Digital Transformation by Christmas: What Retailers Still Aren’t Getting Right With Technology
In both retail and marketing, there’s a “conversation” with customers in some way. Whether it’s merchandising, in-home or digital flyers, banner ads, in-store marketing, events, or email, every day there's communication with customers to see what works. What was the magical “thing” that resulted in the purchase decision?
One of the biggest shifts over the last three years is consumers’ ever-changing expectations. What used to be “surprise and delight” is now standard and fully expected by consumers. Being out of stock in-store, Instagram ads that showcase products that aren't in stock after clicking through, inability or reluctance for stores to help customers source items from other locations, poor mobile experiences, lackluster customer service both in-store and online, and slow and painful checkout experiences are now unforgivable in the minds of consumers. These problems are yours to solve if you want to win the retail race and create exceptional and unique digital-first customer experiences that will drive loyalty and revenue for years to come.
Lean Into Digital Innovation
Rebecca Minkoff’s smart dressing room concept is an activation other retailers should be paying attention to. Imagine if you were able to have Rebecca Minkoff personally curate looks for you in real time. Using RFID tags, Minkoff has created smart dressing rooms and smart mirrors. By touching the mirror, shoppers can order a drink and get real-time suggestions based on the clothing they brought into the dressing room. The RFID tags allow Minkoff to “suggest” additional items via the screen in the mirror to complete the look or complement style sense, as well as other options to customize the lighting. By implementing this technology, Rebecca Minkoff sales are up 200 percent.
There's a wide spectrum of how big or how small you choose to embrace, implement or test a digital-first retail strategy. What you're doing short term isn't as important as how you're shifting your overall strategic approach. This requires embracing technology to amplify your customers’ experiences, while creating brand loyalty.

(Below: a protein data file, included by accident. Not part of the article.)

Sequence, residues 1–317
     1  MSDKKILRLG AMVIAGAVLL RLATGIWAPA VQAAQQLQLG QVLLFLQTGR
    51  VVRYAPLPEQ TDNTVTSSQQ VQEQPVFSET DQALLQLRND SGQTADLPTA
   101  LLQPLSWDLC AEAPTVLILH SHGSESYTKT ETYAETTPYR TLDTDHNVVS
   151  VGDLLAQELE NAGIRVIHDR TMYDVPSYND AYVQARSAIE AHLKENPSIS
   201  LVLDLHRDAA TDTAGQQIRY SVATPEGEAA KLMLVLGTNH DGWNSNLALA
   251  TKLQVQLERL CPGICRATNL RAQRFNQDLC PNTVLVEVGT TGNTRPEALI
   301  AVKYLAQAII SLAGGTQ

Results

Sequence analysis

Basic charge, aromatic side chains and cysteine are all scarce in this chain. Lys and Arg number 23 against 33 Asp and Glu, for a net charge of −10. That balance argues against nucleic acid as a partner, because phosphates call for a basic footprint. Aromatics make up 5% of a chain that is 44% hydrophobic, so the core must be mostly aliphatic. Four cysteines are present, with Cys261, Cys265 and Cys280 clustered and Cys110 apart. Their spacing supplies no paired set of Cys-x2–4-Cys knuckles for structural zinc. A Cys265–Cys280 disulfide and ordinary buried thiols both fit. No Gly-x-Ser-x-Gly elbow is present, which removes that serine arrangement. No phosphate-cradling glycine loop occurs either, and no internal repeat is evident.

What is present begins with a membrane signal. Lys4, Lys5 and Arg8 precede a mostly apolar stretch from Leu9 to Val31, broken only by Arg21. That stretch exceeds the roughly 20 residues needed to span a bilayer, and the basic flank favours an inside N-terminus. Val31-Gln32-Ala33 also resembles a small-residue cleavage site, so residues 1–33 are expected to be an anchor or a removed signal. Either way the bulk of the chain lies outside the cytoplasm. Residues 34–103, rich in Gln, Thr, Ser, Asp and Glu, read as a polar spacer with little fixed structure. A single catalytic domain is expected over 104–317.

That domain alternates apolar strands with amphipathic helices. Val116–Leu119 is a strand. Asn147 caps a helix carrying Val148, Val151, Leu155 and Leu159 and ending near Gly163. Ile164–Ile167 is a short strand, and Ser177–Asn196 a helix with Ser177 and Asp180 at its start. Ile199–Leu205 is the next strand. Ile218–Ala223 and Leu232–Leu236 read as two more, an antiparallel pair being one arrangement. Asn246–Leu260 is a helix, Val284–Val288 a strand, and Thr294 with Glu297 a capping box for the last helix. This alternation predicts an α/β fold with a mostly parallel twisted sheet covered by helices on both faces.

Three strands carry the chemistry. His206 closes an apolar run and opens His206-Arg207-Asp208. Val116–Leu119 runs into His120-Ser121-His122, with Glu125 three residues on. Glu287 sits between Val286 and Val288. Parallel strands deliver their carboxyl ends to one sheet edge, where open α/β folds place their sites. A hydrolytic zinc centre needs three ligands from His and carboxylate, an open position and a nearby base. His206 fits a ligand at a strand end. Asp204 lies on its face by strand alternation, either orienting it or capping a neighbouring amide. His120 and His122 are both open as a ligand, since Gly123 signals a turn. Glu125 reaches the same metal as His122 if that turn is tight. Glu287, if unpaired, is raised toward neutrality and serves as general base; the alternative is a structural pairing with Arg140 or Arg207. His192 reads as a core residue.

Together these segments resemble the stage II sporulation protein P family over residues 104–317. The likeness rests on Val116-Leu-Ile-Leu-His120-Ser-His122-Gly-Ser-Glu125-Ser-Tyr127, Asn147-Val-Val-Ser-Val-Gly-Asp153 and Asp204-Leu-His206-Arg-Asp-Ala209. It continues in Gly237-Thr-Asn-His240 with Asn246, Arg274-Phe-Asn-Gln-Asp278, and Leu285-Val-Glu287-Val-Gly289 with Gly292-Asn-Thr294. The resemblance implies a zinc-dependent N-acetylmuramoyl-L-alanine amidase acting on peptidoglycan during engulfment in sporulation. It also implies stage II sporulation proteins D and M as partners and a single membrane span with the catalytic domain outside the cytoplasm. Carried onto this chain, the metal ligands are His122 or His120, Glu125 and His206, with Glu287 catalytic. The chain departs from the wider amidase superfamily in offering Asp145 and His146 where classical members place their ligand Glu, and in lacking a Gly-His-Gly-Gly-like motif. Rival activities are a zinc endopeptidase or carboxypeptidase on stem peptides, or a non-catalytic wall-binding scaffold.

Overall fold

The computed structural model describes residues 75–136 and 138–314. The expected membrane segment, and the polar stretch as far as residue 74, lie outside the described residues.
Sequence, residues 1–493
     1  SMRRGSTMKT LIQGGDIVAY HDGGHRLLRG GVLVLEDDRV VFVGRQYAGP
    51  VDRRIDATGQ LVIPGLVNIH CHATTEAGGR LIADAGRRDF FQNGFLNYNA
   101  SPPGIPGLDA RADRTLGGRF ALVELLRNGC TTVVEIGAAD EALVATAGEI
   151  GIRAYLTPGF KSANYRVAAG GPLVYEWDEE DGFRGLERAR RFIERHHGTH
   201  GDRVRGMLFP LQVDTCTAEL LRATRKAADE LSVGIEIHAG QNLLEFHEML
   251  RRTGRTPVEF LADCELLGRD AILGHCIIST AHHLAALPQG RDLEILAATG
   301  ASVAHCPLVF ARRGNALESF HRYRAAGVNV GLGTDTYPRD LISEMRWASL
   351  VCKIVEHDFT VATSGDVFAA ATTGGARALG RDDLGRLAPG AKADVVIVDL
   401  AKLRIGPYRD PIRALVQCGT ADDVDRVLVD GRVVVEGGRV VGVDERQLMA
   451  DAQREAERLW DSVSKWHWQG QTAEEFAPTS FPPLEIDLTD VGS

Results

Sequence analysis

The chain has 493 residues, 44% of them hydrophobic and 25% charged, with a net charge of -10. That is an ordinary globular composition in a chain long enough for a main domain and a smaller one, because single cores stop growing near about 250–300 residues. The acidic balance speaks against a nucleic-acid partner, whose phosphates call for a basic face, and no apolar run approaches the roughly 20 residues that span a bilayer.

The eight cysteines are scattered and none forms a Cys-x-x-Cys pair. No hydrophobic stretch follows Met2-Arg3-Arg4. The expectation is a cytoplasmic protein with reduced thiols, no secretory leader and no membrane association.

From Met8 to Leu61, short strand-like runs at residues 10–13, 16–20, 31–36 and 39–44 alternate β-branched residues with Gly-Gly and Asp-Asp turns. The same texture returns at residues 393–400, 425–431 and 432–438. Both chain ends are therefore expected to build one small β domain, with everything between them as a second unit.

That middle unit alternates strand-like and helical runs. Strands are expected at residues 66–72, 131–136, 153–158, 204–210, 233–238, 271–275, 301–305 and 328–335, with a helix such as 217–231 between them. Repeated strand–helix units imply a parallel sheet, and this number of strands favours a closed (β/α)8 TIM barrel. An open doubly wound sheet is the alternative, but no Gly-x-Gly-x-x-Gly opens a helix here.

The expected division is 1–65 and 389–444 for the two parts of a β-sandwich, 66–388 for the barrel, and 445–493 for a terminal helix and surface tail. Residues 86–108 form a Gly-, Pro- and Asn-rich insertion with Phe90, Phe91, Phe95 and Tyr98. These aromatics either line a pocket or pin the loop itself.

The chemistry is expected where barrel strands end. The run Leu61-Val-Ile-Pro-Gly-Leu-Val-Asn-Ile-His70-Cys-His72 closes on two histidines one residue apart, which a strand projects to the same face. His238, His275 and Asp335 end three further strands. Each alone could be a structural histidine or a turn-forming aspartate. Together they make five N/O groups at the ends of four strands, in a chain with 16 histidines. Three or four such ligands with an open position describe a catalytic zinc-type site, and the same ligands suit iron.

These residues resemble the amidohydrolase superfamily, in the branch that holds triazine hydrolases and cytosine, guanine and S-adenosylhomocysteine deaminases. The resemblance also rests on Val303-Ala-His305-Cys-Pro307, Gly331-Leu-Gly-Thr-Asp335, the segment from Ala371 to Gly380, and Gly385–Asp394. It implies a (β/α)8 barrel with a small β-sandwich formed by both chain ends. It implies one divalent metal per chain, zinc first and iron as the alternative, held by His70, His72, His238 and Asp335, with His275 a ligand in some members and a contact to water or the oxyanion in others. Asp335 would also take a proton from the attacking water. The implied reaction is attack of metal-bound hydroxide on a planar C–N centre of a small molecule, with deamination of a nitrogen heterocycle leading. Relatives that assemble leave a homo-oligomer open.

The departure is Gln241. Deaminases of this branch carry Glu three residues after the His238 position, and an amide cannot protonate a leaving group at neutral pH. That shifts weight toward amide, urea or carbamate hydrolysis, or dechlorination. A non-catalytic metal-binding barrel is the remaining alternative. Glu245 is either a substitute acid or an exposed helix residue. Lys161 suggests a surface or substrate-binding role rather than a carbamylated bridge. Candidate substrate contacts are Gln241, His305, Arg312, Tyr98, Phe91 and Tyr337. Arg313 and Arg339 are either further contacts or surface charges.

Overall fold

Throwing Out the Box
Whether a retailer has already dipped their toes into digital innovation or it's a legacy company with an age-old strategy that has worked for years (or even decades) but just isn’t driving results anymore, completely rethinking its approach is a must.
An example of this is Staples' rebrand. Staples identified a major shift in the gig economy, and decided to launch an activation that would connect its customers with services that go far beyond the standard print job. The company opened event and co-working spaces for customers to engage with all of its services.
During busy times, the number of people with arms full of merchandise who take one look at the checkout line and promptly dump their merchandise on the nearest table and walk out is astounding. What if each employee had access to a connected mobile payment platform enabling them to check out customers with arms full of merchandise instantly without the wait? Think about how much revenue that would represent annually.
Retail has the potential to thrive. Sales don’t get better by chance, they get better by change, and change requires taking the first step of many in your digital-first strategic journey. With peak holiday shopping starting earlier than ever, if retailers start now they have just enough time to jump-start their digital strategy before the season hits.
Jennifer Shannon is senior vice president of global marketing at Rangle.io, a premium digital product consultancy.